Freshwater Molluscan Shells / Pulmonata / Basommatophora
Freshwater Pulmonate Gastropods
Freshwater pulmonate snails are characteristically thin and light shelled. Many can regulate their buoyancy to neutral and even positive by taking air into a "lung," which allows them to glide upside down on the air/water surface. Their life cycle is rapid. In nature, one or two generations per year may be produced, with complete replacement of individuals (Brown, 1991). All are hermaphroditic; that is, each individual has the capacity to function as both male and female. Unlike the prosobranchs, with many endemic species and varieties, the pulmonate species are fewer but much more widespread. Freshwater pulmonates reach their greatest size and diversity in the northern latitudes, and many species are commonly found in shifting and ephemeral habitats.
Although all are in the subclass Pulmonata, the freshwater pulmonate snails are not closely related to the land snails. Terrestrial pulmonates ("true" land snails) are in the Order Stylommatophora, while the freshwater pulmonates, considered as the single superfamily Lymnaeacea by some authors, are placed in the Order Basommatophora, along with the marine pulmonate "false limpets," superfamily Siphonariaceae. Freshwater limpets are also Lymnaeacean, but their limpet-like form has evolved several times within this group, from different coiled ancestors. The marine superfamily Melampoidea (Ellobioidea) are included as a third grouping within Basommatophora by some authors, but are given a separate order, Archaeopulmonata, in more recent sources.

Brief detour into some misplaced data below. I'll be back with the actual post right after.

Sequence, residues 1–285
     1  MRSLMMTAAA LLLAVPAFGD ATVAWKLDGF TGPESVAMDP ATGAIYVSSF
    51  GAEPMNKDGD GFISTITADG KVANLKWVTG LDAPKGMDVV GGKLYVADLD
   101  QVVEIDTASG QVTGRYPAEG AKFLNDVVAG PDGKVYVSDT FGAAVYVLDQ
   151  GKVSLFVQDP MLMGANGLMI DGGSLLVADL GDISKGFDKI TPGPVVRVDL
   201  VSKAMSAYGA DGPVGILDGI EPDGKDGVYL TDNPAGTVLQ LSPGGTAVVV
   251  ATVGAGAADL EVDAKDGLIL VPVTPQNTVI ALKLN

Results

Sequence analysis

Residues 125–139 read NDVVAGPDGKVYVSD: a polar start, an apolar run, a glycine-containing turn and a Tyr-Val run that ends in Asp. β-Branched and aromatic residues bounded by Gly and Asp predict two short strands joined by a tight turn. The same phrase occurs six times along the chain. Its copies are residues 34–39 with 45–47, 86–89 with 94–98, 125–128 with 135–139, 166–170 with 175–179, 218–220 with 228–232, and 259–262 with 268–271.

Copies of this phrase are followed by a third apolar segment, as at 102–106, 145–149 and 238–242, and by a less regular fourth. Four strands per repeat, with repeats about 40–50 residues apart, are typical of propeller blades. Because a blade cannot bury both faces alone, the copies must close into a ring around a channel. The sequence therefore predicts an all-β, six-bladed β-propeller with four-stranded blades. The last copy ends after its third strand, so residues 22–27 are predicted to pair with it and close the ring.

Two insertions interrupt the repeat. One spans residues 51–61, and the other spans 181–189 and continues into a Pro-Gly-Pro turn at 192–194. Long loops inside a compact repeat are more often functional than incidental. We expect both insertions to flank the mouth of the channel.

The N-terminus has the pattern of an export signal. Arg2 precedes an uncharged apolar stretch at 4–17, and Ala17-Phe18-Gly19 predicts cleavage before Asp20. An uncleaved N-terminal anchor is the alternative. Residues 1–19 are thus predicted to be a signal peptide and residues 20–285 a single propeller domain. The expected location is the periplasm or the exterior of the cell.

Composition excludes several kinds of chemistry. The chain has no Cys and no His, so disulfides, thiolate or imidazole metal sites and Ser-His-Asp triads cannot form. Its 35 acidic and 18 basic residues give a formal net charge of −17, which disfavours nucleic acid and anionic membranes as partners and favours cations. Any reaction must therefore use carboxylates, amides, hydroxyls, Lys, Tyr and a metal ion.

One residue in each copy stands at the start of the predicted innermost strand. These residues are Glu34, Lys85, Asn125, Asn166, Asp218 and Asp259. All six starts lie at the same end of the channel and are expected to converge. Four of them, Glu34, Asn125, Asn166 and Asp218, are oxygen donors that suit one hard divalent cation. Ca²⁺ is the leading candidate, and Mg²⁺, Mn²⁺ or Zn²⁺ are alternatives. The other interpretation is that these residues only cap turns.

Abbott (1989) uses:
Order Archeopulmonata, with a single superfamily,
Ellobioidea (littoral marine "melampus" shells)
Order Basommatophora, with seven superfamilies:
Siphonarioidea (marine "false limpets")
Acroloxoidea (freshwater limpets [in part])
Lymnoidea (dextral* pond snails, limpets)
Physoidea (sinistral* pond snails)
Planorboidea (ramshorn pond snails, limpets).
Banarescu (1990) for freshwater taxa only, uses:
Order Basommatophora with a single freshwater superfamily;
Lymnaeacea, containing six families in two sublineages:
* Sinistral and dextral refer to the mapping of rotation direction to a straight line vector. Most snail shells, as well as common screws, etc., are dextral, or right-handed. Take your right hand. Point the thumb in the general direction the screw moves as it rotates or the shell grows as it spirals downwards (down), and your curled fingers will define the direction of rotation for right-handed shells, screws, etc. Likewise for sinistral or left-handed snail shells, but in reverse.